Women’s right to voting
Friday، 03 March 2000 - 12:00 AM
On March 3, 1956 and in accordance with the 1956 Constitution, which renders all citizens equal before the law regardless of gender, origin, language or religion, Egyptian women were given the right to vote in parliamentary elections for the first time in Egypt’s history. They were also allowed to present themselves as candidates for membership in the National Assembly.
Early in the 21st century, Qasim Amin (the Egyptian jurist hailed as the first Arab feminist) was one of the most prominent advocates of women’s rights. Amin called for granting women their basic political and social rights. His book "Modern Woman", published in 1900, called for a wider role by women in political life. The book described women as the core of social reform in Egypt.
During World War II, several women’s associations were established calling for the franchise as part of a drive to have Egyptians exercise their full political freedom. In 1949, the largest campaign ever was staged to advocate women’s participation in political life. The campaign was backed by a number of prominent intellectuals such as Taha Hussein and Salama Moussa.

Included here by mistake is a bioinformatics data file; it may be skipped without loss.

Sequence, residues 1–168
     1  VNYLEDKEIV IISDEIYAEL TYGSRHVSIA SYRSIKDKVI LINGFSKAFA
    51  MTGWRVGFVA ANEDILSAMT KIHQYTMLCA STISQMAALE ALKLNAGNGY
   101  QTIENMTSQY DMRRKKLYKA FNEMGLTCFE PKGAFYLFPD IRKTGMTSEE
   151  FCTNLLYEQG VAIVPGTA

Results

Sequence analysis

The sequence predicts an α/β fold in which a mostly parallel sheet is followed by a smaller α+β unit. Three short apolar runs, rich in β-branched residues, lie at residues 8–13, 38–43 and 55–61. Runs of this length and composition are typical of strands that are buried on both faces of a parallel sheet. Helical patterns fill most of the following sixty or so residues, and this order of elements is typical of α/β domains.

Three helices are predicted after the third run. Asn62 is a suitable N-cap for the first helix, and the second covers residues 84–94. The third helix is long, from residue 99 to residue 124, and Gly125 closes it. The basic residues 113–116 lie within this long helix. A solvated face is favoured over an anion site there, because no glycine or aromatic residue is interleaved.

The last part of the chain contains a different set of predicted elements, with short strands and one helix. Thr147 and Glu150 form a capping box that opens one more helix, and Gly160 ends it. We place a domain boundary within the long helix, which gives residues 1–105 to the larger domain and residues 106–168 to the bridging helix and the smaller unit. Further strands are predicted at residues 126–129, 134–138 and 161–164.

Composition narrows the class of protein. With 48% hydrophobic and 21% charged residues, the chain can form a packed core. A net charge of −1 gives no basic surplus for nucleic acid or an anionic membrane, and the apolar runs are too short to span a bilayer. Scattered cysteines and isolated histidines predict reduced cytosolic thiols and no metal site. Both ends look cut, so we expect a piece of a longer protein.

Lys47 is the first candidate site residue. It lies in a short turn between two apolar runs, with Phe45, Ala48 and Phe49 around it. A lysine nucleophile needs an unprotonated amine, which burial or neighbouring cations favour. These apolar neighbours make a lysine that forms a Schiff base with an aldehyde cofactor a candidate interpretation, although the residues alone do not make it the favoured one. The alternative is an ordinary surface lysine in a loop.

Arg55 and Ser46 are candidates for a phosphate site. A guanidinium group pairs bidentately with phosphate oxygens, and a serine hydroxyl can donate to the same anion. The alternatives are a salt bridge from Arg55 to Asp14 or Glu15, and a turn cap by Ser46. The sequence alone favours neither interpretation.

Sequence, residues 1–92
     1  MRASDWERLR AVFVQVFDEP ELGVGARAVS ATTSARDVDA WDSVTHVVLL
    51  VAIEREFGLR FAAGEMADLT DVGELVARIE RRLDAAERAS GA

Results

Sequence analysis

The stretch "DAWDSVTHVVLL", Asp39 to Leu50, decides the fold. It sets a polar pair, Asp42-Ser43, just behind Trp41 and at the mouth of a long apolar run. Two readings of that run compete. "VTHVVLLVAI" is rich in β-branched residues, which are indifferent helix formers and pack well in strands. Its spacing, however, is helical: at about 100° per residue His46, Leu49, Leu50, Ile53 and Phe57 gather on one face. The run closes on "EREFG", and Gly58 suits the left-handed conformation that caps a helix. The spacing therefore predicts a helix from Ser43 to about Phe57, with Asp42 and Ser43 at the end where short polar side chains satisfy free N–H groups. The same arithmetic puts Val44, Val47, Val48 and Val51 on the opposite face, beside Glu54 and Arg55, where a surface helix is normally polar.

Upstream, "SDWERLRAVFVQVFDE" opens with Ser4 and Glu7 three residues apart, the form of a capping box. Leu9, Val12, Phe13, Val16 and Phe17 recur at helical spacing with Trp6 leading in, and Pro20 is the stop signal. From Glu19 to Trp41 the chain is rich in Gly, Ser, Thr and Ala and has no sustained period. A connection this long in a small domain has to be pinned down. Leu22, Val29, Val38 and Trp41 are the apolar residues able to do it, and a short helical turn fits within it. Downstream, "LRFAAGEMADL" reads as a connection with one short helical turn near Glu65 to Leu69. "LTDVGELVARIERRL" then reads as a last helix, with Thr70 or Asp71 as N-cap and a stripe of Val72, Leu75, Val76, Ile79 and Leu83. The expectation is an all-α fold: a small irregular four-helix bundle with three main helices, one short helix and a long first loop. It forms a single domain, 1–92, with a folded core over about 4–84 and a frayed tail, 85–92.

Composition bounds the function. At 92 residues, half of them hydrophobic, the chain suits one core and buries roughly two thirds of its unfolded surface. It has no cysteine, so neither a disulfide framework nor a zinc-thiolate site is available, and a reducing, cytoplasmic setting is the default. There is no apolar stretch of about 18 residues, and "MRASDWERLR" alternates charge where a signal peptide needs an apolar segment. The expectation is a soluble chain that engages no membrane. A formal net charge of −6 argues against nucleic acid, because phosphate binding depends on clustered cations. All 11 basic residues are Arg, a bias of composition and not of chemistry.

Four years before the 1956 Constitution had been stipulated, the key fundamentals of equality and social justice were by then long promoted by the 1952 Revolution.
After the socialist resolutions had been issued in 1961, recommendations were made to the effect that five per cent of the 1500-member National Assembly be women. The first elected female members of parliament in Egypt were Rawya Attia and Amina Shoukri
Article 11 of Egypt’s permanent constitution, issued in 1971, states that the State shall guarantee proper coordination between the duties of women towards the family and their work in society, considering them equal to men in the political, social, cultural and economic fields without infringing on the rules of Islamic jurisprudence. Article 14 also states that all citizens are entitled to assuming public office on equal footing.
With the implementation of the multi-party system, women became more active in political life. Under it, they were able to help solve social problems.
At present, moreover, several women have climbed the legislative ladder to assume the chairpersonship of a number of parliamentary committees.